Finally, the million dollar question, “What is the goal of Public History?” Maringolo has quite the grandiose vision for the future, “In the same way that nineteenth century scientists worked to temper the anxiety generated by social change, so too can twenty-first century public historians ease fears regarding the future of the nation.”9 Grele’s answer is less poetic, but takes on a similar optimistic tone, “Thus the task of the public historian, broadly defined, should be to help members of the public do their own history and to aid them in understanding their role in shaping and interpreting events.”10 I very much like Grele’s response and wish I had thought of it. Seeing as only 16.6% of historians work in university settings (according to a 2008 survey by Public History Professionals), historians are in a good position accomplish this task. I think public history is achievable only when the practitioners are actively engaged with the public and not isolated among their peers (whether they be fellow academics or federal employees).


1.The Public Historian 3.1 (Winter 1981): 40-48.
2. Prologue and Conclusion to Museums, Monuments, and National Parks: Toward a New Genealogy of Public History. Amherst: University of Massachusetts Press, 2012.
3. “Whose Public? Whose History? What is the Goal of Public History?” The Public Historian 3.1 (Winter 1981):48.
4. Prologue and Conclusion to Museums, Monuments, and National Parks: Toward a New Genealogy of Public History. Amherst: University of Massachusetts Press, 2012: xiv.
5. ibid. 164.
6. I learned more about Native American material culture and how to identify it from the two amateur archaeologists assisting the dig than I did from the graduate student supervising us. Who else teaches budding archaeologist what a “leverite” is? (leave ‘er right there- it’s just a rock.)
7. ibid. 168.
8. Grele, Ronald. “Whose Public? Whose History? What is the Goal of Public History?” The Public Historian 3.1 (Winter 1981):42.
9. Prologue and Conclusion to Museums, Monuments, and National Parks: Toward a New Genealogy of Public History. Amherst: University of Massachusetts Press, 2012: 168.
10. Grele, Ronald. “Whose Public? Whose History? What is the Goal of Public History?” The Public Historian 3.1 (Winter 1981):47-48.

A Definition of Digital Humanities

Practitioners1 of Digital Humanities, like those of Humanities, are interested in answering questions about the human condition. To this end, they utilize, create, and analyze digital materials2.  Technology, particularly that which creates or interprets digital information,3 is foundational to the field, both as tools for investigation and objects of study. The results of such efforts are often presented in digital form.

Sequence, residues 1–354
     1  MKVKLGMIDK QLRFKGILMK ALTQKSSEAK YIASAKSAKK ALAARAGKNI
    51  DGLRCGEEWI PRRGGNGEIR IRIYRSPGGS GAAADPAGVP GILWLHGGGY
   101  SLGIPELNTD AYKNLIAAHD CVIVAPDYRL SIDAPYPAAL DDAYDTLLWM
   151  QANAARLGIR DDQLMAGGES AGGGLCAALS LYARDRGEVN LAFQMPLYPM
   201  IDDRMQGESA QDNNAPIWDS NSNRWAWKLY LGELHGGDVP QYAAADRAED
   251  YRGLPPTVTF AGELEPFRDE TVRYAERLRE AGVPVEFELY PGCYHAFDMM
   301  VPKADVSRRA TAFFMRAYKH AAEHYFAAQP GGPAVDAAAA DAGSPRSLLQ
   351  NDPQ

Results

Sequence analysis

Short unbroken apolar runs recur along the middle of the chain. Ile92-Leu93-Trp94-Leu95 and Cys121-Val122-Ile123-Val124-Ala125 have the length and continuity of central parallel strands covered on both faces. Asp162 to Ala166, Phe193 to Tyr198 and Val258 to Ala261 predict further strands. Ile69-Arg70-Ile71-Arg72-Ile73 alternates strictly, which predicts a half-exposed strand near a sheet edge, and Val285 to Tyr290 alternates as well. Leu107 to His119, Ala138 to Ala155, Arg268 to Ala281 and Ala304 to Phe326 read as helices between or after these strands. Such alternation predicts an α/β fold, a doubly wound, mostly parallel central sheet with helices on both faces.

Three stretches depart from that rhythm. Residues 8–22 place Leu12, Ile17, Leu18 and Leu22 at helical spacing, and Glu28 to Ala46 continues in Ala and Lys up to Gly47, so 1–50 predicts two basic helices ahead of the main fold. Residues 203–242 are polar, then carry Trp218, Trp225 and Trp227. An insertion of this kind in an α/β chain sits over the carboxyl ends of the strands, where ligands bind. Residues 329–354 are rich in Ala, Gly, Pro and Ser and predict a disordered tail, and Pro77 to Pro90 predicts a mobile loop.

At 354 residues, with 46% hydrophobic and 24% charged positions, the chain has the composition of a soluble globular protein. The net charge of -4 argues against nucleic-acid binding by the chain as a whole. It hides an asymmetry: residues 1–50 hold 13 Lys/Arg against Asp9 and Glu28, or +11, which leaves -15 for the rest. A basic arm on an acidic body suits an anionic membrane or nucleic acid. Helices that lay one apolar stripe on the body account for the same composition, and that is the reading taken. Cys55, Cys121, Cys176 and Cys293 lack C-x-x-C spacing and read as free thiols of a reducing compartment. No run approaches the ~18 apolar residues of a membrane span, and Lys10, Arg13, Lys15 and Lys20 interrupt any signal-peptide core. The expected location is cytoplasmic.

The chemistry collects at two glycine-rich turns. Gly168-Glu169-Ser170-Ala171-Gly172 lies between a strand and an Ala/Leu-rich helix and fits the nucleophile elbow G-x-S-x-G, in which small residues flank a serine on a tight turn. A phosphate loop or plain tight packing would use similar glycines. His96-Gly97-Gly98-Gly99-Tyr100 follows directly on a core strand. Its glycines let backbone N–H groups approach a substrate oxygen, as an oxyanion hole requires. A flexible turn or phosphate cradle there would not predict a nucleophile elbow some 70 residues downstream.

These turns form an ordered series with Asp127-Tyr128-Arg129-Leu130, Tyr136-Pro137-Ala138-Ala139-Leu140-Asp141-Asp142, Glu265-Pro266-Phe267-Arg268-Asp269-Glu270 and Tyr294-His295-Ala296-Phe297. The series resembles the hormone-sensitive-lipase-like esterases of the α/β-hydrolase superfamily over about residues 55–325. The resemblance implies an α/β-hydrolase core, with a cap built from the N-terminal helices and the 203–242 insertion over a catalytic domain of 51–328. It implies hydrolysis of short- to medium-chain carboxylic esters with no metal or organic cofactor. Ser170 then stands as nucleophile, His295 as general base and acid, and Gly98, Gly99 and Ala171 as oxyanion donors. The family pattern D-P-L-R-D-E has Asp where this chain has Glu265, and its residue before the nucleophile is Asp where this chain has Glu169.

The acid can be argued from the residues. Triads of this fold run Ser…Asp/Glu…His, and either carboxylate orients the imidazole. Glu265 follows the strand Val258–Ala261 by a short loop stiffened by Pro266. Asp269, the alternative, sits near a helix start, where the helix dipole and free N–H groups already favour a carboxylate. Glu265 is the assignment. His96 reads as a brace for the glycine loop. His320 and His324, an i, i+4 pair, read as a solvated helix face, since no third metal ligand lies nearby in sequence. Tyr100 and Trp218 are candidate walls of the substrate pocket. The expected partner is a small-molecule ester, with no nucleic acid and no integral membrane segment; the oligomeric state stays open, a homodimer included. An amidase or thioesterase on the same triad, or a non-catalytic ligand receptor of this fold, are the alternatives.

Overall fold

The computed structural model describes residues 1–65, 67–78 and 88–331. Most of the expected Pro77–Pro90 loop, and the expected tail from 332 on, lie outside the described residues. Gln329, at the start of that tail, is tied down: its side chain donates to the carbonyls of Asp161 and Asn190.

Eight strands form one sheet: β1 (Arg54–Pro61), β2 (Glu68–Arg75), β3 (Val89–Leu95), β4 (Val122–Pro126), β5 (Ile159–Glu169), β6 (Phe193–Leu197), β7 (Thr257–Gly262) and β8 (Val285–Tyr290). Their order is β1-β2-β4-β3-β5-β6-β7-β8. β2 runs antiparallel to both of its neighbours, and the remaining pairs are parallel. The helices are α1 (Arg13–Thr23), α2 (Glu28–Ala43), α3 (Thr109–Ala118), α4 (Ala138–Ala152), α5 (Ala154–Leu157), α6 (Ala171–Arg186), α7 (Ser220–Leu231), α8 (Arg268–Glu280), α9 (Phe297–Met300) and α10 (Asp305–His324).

1 I think anyone engaged with the creation of a DH project can be considered a “Digital Humanist” on some level- perhaps not as professional Digital Humanists or Digital Humanities scholars, but people who contribute to DH projects by transcribing documents, uploading data, and the like are still part of the community.
2 Digital materials are images, text, data, code or anything that is accessible only through a computer (whether that computer be a desktop, tablet, gaming platform, wristwatch and so on).
3 I consider technology to be hardware and software. The technology pertinent to Digital Humanities is, obviously, that with a digital component.

My definition of Digital Humanities is influenced heavily by how I have seen the field operate in my academic and professional life in addition to definitions produced by the members of the field. I am an archaeologist by training, so when I think of DH, I think of how I can utilize the methods and theory in my research. GIS, interactive reconstructions, digital archives, database construction and online exhibits are just a few examples of what I think of as concretely Digital Humanities. So, when I think of a definition, I admittedly think of these types of projects, which are primarily electronic products. Stephen Ramsay’s “DH Types One and Two”1 made me aware of the coding concerns of Digital Humanists that I had not considered and tried to include in my definition. I also found Melissa Terras helpful in shaping my definition. Her talk, “Peering Inside the Big Tent: Digital Humanities and the Crisis of Inclusion,”2 made me sensitive to the debate in DH concerning who is and is not a Digital Humanist, and what is and is not DH. I don’t feel comfortable at this point in my study to definitively say who and what is not part of DH, so I consciously formulated my definition the other direction. I expect, and hope, that my definition will change as I grow to know the field better.

1 Stephen Ramsay (blog), 2013.
2 Melissa Terras (blog), July 26, 2011